Old TokyoKagurazaka was an upscale neighborhood from the start. It was located in a prime spot relative to Edo Castle at Ushigome bridge that spanned the castle's outer moat.
Tokyo developed from Edo Castle outwards. Kagurazaka is one of the city's oldest neighborhoods. The area was urbanized by the 17th century. By the turn of the 20th century Kagurazaka was a dense residential, commercial and geisha district (花街, hanamachi).
Geisha Fire AlarmIn many ways the 1930s were Kagurazaka's golden age. There were approximately 600 geisha in the area at the time. Kagurazaka was filled with upscale restaurants, culture and art. It was the type of neighborhood where you could expect to run into a famous author or artist. Kagurazaka of the 1930s was also the location of much political intrigue.
Old time Kagurazaka residents say that there was a area-wide fire alarm in the early 1930s. At the time, fires were a huge threat in Tokyo — Tokyo was a jumble of wooden buildings built side by side. This fire occurred in the early morning. Area residents scrambled out of their homes in pajamas. As the fire encroached, Kagurazaka's Geisha emerged into the street last of all — with their kimono, hair and makeup perfectly in place.
Apparently it was quite a sight to see hundreds of Geisha in full regalia evacuating a fire alongside sleepy locals in robes and pajamas.
Today there are still several Geisha Okiya and tea houses in the area.
CuisineKagurazaka is well known for its fine Japanese cuisine. There are several Ryotei restaurants here that serve kaiseki ryori — considered the pinnacle of Japanese cuisine.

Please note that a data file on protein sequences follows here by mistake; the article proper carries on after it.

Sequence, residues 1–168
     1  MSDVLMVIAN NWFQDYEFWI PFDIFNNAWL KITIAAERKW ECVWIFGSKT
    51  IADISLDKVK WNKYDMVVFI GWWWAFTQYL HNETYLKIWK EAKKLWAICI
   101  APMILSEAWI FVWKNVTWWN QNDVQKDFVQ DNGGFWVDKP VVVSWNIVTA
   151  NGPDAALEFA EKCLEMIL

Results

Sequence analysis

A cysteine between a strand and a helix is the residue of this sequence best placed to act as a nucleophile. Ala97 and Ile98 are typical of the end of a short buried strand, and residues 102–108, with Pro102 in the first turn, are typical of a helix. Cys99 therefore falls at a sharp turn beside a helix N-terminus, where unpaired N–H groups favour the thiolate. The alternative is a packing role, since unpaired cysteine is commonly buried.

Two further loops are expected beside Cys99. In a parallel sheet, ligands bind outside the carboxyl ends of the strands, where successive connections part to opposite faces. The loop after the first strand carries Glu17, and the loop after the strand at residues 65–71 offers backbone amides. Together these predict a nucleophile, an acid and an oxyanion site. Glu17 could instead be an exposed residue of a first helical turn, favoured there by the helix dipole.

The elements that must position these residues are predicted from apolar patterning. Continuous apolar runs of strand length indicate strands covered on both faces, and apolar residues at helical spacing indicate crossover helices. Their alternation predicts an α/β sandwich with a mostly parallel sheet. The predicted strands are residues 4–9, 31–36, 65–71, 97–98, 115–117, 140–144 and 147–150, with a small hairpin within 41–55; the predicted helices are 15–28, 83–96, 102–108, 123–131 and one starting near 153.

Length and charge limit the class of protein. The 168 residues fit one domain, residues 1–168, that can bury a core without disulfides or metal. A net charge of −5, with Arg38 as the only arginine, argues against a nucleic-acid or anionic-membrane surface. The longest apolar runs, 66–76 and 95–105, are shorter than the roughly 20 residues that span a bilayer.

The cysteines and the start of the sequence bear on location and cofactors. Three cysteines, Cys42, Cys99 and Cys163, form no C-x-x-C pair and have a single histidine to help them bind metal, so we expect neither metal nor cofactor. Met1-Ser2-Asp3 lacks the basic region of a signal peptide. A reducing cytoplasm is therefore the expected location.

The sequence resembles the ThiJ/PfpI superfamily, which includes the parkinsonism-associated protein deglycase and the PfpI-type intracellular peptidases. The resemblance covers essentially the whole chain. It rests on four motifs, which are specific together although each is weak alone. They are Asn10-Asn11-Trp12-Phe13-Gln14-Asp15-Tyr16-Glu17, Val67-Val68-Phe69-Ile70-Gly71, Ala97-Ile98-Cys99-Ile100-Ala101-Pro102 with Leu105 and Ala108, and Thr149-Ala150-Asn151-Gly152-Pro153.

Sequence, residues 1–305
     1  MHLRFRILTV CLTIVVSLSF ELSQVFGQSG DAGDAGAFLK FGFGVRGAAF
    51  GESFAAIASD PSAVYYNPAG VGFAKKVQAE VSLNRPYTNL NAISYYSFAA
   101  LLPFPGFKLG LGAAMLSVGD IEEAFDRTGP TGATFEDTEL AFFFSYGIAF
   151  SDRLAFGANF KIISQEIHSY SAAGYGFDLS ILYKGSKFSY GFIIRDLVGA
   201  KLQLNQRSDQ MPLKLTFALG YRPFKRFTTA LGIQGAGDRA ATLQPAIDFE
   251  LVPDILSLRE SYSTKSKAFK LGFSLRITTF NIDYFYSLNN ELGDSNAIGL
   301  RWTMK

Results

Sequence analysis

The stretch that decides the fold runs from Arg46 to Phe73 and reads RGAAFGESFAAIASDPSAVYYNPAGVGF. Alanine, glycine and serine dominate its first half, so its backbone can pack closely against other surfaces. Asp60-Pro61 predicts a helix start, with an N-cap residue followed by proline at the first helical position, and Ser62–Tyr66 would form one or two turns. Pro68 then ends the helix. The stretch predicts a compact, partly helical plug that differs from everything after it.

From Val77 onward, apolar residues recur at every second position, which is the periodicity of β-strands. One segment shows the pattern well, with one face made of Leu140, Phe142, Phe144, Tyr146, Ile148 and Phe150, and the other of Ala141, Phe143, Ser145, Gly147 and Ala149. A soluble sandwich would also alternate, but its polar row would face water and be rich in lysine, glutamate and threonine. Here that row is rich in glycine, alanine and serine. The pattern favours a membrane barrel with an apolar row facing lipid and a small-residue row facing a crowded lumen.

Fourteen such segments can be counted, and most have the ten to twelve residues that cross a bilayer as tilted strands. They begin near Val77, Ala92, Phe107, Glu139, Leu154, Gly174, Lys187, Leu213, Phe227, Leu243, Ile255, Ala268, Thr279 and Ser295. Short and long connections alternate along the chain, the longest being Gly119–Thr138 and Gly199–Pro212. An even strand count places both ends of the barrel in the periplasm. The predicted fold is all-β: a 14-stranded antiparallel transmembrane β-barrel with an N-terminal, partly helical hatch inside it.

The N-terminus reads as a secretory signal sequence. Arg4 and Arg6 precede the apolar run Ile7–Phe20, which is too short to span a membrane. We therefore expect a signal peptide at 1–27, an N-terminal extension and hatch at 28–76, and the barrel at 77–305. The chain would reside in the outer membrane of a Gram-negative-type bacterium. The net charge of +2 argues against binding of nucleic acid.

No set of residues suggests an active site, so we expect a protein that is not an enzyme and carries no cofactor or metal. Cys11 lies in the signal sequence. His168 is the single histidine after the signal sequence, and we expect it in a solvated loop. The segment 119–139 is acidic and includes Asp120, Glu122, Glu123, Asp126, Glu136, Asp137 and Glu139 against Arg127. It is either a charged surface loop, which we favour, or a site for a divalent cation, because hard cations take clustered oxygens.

Ryotei are upper class restaurants that many Japanese people have never experienced. At one time they were by invitation only. These days, they may except reservations. It's common for customers to invite Geisha to entertain at Ryotei (Ryotei usually provide customers a private dining room).
Kagurazaka also features many less expensive dining alternatives. It's a good place to experience many varieties of Japanese food.
French CultureKagurazaka is well known for its French expatriate community. It's home to two French cultural institutions — the Lycée Franco-Japonais de Tokyo and the Institut Franco-Japonais de Tokyo.
The area is also known for its French restaurants and cafes.
UniversitiesKagurazaka is located between two highly rated schools: Waseda University and University of Tokyo. The University of Tokyo is widely considered Japan's best university.
Residential AreaKagurazaka is a popular residential area. It's relatively quiet, central and appealing.
Kagurazaka Awa Odori FestivalThe Kagurazaka Festival celebrates the traditional dance of Tokushima in southern Japan — The Awa Odori (Dance of the Fools). This dance style is lively and fun. It's quickly becoming one of Japan's favorite traditional dances with festivals sprouting up all over the country.
The Kagurazaka Festival (July) is small compared with the Tokushima Awa Odori and Koenji Awa Odori. However, it's a perfect neighborhood for a festival. The Kagurazaka Festival has a relaxed atmosphere (some Japanese festivals can be quite intense).
LocationKagurazaka is located in Shinjuku-ku to the northwest of the Imperial Palace. It's in the center of Tokyo close to central business districts such as Otemachi. Kagurazaka is also close to Shinjuku (Tokyo's largest neighborhood).